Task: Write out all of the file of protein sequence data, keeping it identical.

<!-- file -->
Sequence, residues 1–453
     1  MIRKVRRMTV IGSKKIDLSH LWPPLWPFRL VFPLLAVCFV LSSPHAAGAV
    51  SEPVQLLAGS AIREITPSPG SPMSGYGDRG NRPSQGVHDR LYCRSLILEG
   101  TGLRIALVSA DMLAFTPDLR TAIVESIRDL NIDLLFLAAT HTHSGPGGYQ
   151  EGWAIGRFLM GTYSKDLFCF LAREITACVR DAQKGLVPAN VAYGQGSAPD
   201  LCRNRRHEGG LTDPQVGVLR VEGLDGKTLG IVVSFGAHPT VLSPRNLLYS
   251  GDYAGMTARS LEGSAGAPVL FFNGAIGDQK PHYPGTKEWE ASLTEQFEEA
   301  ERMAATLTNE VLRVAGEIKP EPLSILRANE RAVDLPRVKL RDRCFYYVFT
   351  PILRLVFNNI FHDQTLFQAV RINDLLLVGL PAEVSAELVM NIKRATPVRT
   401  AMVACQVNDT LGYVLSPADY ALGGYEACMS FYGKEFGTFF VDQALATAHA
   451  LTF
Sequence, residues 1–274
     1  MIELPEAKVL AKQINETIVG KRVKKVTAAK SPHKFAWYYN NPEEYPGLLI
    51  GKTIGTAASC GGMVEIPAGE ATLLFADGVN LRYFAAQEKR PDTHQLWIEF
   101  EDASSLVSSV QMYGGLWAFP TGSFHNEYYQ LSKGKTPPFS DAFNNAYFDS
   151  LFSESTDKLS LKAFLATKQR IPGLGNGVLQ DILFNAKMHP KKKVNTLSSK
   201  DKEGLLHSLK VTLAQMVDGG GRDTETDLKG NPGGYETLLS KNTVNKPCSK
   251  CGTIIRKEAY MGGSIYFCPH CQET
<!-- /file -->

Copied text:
Sequence, residues 1–453
     1  MIRKVRRMTV IGSKKIDLSH LWPPLWPFRL VFPLLAVCFV LSSPHAAGAV
    51  SEPVQLLAGS AIREITPSPG SPMSGYGDRG NRPSQGVHDR LYCRSLILEG
   101  TGLRIALVSA DMLAFTPDLR TAIVESIRDL NIDLLFLAAT HTHSGPGGYQ
   151  EGWAIGRFLM GTYSKDLFCF LAREITACVR DAQKGLVPAN VAYGQGSAPD
   201  LCRNRRHEGG LTDPQVGVLR VEGLDGKTLG IVVSFGAHPT VLSPRNLLYS
   251  GDYAGMTARS LEGSAGAPVL FFNGAIGDQK PHYPGTKEWE ASLTEQFEEA
   301  ERMAATLTNE VLRVAGEIKP EPLSILRANE RAVDLPRVKL RDRCFYYVFT
   351  PILRLVFNNI FHDQTLFQAV RINDLLLVGL PAEVSAELVM NIKRATPVRT
   401  AMVACQVNDT LGYVLSPADY ALGGYEACMS FYGKEFGTFF VDQALATAHA
   451  LTF
Sequence, residues 1–274
     1  MIELPEAKVL AKQINETIVG KRVKKVTAAK SPHKFAWYYN NPEEYPGLLI
    51  GKTIGTAASC GGMVEIPAGE ATLLFADGVN LRYFAAQEKR PDTHQLWIEF
   101  EDASSLVSSV QMYGGLWAFP TGSFHNEYYQ LSKGKTPPFS DAFNNAYFDS
   151  LFSESTDKLS LKAFLATKQR IPGLGNGVLQ DILFNAKMHP KKKVNTLSSK
   201  DKEGLLHSLK VTLAQMVDGG GRDTETDLKG NPGGYETLLS KNTVNKPCSK
   251  CGTIIRKEAY MGGSIYFCPH CQET